Asia Markets

Asia markets mostly higher, as dollar weakens and oil prices rise more than 1%

Asian markets open in the red

Asian markets ended mostly higher, as oil prices jumped more than 1 percent and the dollar weakened, but one analyst warned that the rebound lacks conviction.

"Asia markets [saw] a technical rebound, but it not a strong one, given that political uncertainty in the U.S. and the plunge in crude oil prices are two bearish factors that will continue to weigh on market sentiment," Margaret Yang, market analyst at CMC Markets, told CNBC. "This technical rebound might not sustain for long."

The ASX 200 ended up 0.06 percent, or 3.39 points, at 5,225.6, underpinned by gains in its gold subindex, which was up 3.44 percent, and its energy subindex, which rose 0.72 percent.

South Korea's Kospi closed up 0.25 percent, or 4.86 points, at 1,983.8.

The fourth-largest Asian economy faces multiple domestic challenges, including a shipping industry restructuring, natural disasters and a presidential crisis. After a cabinet reshuffle announced on Wednesday, the new finance minister designate Yim Jong-yong said he would keep macroeconomic policy accommodative in order to stabilize the economy, Reuters reported.

The finished up 0.84 percent, or 25.94 points, at 3,128.67 while the Shenzhen composite ended up 0.56 percent, or 11.53 points, at 2,071.59. Before the Chinese markets' open, a Caixin PMI survey showed that service sector activity picked up strongly on-month in October to come in at 52.4. A reading above 50 indicates an expansion in activity.

Hong Kong's index was down 0.19 percent by mid-afternoon.

Japanese markets are shut for the Culture Day pubic holiday. The last closed at 17,134.68.

The ended down 0.43 percent at 17,959.64, while the S&P 500 posted its seventh day of declines, finishing down 0.65 percent at 2,097.94. The composite closed 0.93 percent lower, to 5,105.57.

The Federal Reserve held interest rates steady at 0.25-0.5 percent at its November meeting, but it also continued to acknowledge that the case for a hike was getting stronger.

"The Federal Reserve have effectively given the green light to a December rate hike, that is as long as we don't see a major disruptive event playing out between now and 14 December," said Chris Weston, chief market strategist at spreadbetter IG, in a Thursday note.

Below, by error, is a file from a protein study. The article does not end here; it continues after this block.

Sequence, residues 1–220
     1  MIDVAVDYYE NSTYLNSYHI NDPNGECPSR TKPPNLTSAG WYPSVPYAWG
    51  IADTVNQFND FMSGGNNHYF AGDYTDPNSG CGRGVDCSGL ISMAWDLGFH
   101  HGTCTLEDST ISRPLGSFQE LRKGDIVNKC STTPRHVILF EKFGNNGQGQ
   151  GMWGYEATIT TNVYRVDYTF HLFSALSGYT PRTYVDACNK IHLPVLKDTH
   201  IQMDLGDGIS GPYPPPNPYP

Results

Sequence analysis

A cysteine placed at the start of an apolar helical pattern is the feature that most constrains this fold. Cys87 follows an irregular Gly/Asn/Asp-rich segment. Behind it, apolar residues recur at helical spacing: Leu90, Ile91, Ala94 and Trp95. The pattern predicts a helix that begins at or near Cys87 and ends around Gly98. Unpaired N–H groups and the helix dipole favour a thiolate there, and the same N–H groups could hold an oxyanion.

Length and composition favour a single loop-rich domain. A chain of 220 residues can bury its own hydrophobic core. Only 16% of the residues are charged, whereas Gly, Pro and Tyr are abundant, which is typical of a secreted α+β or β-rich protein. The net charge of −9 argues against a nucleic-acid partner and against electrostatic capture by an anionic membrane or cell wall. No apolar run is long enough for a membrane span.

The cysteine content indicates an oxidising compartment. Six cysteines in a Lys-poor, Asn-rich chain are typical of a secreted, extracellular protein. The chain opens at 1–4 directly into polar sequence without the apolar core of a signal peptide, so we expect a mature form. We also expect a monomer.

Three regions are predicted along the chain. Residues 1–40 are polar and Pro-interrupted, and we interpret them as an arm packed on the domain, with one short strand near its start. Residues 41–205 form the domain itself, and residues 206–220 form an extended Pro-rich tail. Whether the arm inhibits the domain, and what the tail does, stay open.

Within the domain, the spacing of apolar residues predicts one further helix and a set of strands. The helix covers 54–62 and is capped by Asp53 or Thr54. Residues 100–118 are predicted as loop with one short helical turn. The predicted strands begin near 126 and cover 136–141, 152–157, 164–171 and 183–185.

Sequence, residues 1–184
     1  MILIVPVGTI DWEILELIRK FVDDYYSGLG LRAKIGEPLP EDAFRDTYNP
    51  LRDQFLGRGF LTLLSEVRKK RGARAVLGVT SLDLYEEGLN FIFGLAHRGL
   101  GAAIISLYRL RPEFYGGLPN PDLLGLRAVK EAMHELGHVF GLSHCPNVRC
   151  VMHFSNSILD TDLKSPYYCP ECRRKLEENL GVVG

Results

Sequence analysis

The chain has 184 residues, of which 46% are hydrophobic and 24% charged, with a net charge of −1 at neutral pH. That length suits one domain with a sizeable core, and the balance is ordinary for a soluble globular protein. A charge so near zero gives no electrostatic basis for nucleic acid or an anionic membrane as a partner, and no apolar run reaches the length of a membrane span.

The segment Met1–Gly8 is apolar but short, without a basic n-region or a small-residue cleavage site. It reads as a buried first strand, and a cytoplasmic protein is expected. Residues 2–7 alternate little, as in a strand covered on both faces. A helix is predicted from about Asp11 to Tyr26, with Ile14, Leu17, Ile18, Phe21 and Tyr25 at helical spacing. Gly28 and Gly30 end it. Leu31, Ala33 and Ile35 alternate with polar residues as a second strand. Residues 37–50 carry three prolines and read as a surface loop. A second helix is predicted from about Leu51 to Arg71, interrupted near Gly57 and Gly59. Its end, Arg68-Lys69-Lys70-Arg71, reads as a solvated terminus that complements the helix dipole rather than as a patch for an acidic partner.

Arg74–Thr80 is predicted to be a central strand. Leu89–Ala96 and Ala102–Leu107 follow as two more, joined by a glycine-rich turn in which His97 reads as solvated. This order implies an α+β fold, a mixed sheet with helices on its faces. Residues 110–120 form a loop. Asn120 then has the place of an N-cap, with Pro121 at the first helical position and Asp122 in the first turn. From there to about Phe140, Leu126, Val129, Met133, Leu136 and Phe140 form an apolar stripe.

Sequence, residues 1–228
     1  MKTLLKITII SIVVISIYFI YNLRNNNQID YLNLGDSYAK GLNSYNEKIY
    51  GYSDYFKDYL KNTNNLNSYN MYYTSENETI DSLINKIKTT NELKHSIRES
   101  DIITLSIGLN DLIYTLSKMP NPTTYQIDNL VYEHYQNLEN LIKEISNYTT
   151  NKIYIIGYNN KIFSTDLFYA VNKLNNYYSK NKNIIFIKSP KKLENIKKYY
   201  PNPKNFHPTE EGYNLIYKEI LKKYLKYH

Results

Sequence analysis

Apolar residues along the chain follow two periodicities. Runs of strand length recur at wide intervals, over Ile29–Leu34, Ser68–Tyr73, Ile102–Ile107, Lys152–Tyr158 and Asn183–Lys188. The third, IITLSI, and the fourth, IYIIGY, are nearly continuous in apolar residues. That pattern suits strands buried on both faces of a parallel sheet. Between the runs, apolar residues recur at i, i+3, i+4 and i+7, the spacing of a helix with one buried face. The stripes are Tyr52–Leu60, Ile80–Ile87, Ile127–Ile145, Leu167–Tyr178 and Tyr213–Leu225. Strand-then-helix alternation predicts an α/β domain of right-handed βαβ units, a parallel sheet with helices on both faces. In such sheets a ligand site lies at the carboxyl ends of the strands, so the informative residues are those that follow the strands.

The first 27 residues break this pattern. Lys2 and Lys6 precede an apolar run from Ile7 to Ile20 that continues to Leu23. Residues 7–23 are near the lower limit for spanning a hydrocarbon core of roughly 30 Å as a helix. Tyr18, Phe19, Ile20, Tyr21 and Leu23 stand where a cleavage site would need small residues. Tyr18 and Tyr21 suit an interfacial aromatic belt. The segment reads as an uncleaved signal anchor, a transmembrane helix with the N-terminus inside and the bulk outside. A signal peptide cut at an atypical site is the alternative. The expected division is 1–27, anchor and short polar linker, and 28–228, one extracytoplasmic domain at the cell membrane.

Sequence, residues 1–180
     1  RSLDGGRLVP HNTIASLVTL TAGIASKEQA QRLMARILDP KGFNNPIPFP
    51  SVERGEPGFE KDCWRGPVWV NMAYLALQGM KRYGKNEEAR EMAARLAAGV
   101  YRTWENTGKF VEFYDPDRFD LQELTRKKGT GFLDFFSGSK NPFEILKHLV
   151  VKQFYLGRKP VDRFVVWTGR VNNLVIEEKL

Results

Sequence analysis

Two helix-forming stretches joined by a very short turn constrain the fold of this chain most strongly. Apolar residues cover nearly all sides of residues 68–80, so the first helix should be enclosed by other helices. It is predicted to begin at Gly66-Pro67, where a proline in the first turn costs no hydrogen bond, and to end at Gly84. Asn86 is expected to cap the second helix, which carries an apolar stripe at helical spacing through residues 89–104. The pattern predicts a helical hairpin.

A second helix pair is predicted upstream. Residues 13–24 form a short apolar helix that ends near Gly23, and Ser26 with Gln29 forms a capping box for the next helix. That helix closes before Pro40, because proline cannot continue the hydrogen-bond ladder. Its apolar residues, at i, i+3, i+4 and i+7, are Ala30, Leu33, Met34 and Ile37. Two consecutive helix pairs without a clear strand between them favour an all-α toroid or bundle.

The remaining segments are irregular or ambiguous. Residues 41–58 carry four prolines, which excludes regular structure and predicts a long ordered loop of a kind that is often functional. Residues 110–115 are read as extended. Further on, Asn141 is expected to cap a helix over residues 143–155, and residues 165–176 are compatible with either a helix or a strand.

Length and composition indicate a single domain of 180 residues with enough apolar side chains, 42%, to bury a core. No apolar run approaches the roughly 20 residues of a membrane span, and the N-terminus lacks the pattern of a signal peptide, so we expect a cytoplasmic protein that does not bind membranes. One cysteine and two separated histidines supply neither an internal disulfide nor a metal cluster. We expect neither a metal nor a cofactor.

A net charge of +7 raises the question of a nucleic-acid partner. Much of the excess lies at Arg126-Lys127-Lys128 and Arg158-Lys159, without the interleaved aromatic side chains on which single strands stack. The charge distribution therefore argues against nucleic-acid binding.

Meanwhile, polls have shown that it's now a tighter race to the White House between Democratic nominee Hillary Clinton and Republican nominee Donald Trump, which is causing jitters in the market.

Oil futures rose in Asian trade, likely due to a softer dollar. U.S. crude futures were up 0.88 percent to $45.74 a barrel, after settling nearly 3 percent lower at $45.34 in the U.S., while Brent futures climbed 1.02 percent to $47.33 after settling at $46.86.

Crude prices were under pressure in the U.S. after the U.S. Energy Information Administration (EIA) data showed crude inventories rose 14.4 million barrels for the week ended October 28, significantly higher than the 1 million barrels a Reuters poll had forecast.

"The fact oil prices are in free fall will not help clarity here given the Fed's overnight statement was fairly upbeat around the recent rise in market based inflation expectations (the bond markets' inflation expectations over five years has increased from 1.44 percent in June to currently sit at 1.91 percent), but this move in inflation expectations was largely driven by a rally above $50," IG's Westin said.

, often regarded as a safe haven asset, traded up 0.42 percent at $1,302.15 an ounce. Gold prices traded between $1,240 and $1,280 for most of October.

ANZ refocusing on domestic business: Expert

Australia-based real estate advertiser REA Group fell 3.75 percent to A$47.50, after Deutsche Bank cut its target price to A$49.50 from A$54, on the back of a weak property listing environment.

Shares in ANZ, one of Australia's "Big Four" banks, gained 0.63 percent to A$27.345. The lender reported that annual cash profit fell 18 percent on-year, missing a Reuters poll estimate of a a 15 percent decline.

ANZ also said it may sell its Australian insurance and wealth business to free up about A$5 billion ($3.82 billion) of capital. On Monday, Singapore's DBS announced it would acquire ANZ's retail banking and wealth management units in Singapore, Hong Kong, China, Taiwan and Indonesia.

In currency markets, the dollar index continued its third consecutive session of declines at 97.087 by mid-afternoon in Asia, and fell against major Asian currencies.

The USD/JPY fell below 103, trading at 102.68 as of 3:06 pm HK/SIN. The currency pair was holding above 104 levels just last week. The Australian dollar strengthened against a softer dollar, at $0.7682, while the also rose to 1,138.43 against the greenback.

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